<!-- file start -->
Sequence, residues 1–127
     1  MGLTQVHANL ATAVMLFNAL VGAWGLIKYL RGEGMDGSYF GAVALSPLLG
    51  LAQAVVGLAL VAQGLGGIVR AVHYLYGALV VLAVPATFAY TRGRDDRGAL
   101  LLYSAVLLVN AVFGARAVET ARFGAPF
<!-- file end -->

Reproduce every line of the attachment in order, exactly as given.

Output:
Sequence, residues 1–127
     1  MGLTQVHANL ATAVMLFNAL VGAWGLIKYL RGEGMDGSYF GAVALSPLLG
    51  LAQAVVGLAL VAQGLGGIVR AVHYLYGALV VLAVPATFAY TRGRDDRGAL
   101  LLYSAVLLVN AVFGARAVET ARFGAPF